Court Postpones Costa’s Release Case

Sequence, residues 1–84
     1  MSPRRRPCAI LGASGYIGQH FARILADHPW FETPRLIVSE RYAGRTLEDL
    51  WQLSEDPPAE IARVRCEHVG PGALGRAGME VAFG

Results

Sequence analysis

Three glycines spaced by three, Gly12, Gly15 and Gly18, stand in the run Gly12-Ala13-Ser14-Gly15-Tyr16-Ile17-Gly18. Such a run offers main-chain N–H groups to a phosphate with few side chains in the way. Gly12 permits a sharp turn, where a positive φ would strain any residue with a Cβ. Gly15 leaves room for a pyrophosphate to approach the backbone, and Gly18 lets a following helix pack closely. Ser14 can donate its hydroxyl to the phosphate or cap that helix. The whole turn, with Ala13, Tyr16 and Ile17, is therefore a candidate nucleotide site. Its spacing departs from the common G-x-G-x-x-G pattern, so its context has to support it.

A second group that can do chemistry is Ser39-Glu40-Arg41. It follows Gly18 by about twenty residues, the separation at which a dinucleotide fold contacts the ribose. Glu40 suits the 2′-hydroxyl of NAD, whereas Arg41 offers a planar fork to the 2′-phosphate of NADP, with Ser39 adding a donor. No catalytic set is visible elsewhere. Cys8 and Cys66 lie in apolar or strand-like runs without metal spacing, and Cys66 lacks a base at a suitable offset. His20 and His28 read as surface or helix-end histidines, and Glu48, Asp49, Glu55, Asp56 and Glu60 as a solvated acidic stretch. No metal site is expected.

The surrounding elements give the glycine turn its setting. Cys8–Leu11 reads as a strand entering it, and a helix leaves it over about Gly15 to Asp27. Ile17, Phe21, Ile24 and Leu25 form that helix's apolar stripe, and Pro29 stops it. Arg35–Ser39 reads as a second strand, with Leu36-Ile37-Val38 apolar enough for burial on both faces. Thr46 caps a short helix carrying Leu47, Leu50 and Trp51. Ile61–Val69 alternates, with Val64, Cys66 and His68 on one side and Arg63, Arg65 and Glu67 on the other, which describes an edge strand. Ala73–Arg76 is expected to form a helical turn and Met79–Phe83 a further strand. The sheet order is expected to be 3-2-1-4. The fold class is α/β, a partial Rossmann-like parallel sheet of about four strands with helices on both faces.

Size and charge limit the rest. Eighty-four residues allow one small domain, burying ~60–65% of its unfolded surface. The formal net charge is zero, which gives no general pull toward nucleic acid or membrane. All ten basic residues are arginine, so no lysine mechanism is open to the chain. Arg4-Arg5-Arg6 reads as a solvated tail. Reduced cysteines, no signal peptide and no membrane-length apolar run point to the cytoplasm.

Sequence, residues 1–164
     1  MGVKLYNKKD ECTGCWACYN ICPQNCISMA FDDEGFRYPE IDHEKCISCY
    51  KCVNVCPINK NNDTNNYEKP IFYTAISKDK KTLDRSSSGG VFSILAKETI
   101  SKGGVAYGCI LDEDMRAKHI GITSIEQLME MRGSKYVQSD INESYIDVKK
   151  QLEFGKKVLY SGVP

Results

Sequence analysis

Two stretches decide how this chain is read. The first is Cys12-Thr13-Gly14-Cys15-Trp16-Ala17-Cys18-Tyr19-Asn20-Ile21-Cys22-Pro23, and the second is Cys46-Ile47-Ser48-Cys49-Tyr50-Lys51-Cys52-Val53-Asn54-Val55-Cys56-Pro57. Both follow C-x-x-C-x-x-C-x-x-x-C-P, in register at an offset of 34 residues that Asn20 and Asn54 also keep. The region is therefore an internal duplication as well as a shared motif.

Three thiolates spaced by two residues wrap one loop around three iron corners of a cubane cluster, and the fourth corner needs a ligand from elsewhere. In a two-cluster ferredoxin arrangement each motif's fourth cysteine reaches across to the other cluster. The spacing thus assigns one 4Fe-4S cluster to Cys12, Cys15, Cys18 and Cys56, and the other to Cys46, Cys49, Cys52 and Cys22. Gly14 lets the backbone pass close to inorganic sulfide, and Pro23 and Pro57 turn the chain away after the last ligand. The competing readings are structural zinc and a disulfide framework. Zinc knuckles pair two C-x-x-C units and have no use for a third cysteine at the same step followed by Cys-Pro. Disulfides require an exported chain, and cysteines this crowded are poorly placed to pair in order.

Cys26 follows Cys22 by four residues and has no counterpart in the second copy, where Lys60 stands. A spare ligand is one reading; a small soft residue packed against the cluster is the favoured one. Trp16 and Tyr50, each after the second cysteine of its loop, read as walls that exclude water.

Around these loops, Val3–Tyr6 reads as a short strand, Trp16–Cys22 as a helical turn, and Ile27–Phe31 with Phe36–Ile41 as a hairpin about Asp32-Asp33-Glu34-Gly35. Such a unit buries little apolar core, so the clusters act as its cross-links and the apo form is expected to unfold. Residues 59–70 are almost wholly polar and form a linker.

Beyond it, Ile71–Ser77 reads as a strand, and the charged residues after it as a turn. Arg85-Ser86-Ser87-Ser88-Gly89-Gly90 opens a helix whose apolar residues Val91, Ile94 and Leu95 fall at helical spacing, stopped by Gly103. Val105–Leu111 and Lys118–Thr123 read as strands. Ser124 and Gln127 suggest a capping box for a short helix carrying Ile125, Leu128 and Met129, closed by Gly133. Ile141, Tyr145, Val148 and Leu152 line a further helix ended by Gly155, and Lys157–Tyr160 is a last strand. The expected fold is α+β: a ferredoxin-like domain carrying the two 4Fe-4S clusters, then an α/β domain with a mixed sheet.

first_imgHundreds of sympathizers of detained talk show host, Henry Costa, described as “disappointing” Judge Peter Gbeneweleh’s decision to postpone his ruling on whether or not to release Costa.  At yesterday’s hearing, the courtroom of Criminal Court ‘C’ at the Temple of Justice was overcrowded with many people expecting to witness Judge Gbeneweleh ordering the Liberia National Police (LNP) to release from further detention Mr. Costa, who was arrested on Saturday, February 7.To their great disappointment, however, Judge Gbeneweleh announced he was unable to come down with any order because he did not prepare a written judgment in a writ of “Habeas Corpus,” that compelled authorities of the LNP to surrender Costa to the court.“The court has heard the argument between the parties; and we can’t make any ruling (judgment), because it is not written and we have been advised by the Supreme Court not to make any unwritten ruling,” the Criminal Court ‘C’ judge clarified.He added, I’m going to reserve it for Thursday, February 12, at which time, I would have completed it.”  He concluded by instructing the Sheriffs of the court to “take care of Costa until the Thursday’s judgment. Matter is suspended.”  Prior to that action, Judge Gbeneweleh listened to arguments between Costa’s legal team, headed by Cllr. Tiawan Gongloe, and those of the state about the writ.  A writ of habeas corpus (court order) commands an individual or a government official, who has restrained another to produce the prisoner at a designated time and place so that the court can determine the legality of custody and decide whether to order the prisoner’s release.  It also directs a person, usually a prison warden, to produce the prisoner and justify the prisoner’s detention. If the prisoner argues successfully that the incarceration is in violation of a constitutional right, the court may order the prisoner’s release.  Interestingly, the Sheriff, in whose care Judge Gbeneweleh placed Costa, is an employee of the Ministry of Justice which opted for his prosecution.  However, Costa is no longer under the jurisdiction of the Police, but that of the Court.   Many feared that he would be kept at the notorious Monrovia Central Prison to await the ruling.  However, Cllr. Gongloe told the Daily Observer yesterday that Costa was signed for by his legal counsel, to go home and reappear on Thursday, February 12, for the court’s ruling.   In their argument, Cllr. Gongloe said that defendant Costa had been detained beyond the constitutional period of 48 hours.  He further argued that Costa has not been charged by the police, and besides he had been denied access to a lawyer, as provided for under the law.  In his counter argument, Cllr. Daku Mulbah, County Attorney for Montserrado County said that the police had not completed their investigation of Costa.  “We are still conducting an investigation into the matter, therefore, we could not formally charge Costa,” Cllr. Mulbah told the court.  Giving details of Costa’s arrest, Cllr. Mulbah explained that he was arrested because he had earlier refused when he was invited by the police and has been escaping from justice, contrary to reports that he was arrested, because he broke the 12a.m to 6a.m curfew imposed by the government.  Cllr. Mulbah said, “It is not because he broke the curfew; it is because he failed to attend an invitation from the police to appear before it and to make some clarity on the case of Sam Fawah, a Lebanese national.”  Sam is one of the owners of the SSF Construction Company, operating in the country.Share this:Click to share on Twitter (Opens in new window)Click to share on Facebook (Opens in new window)last_img

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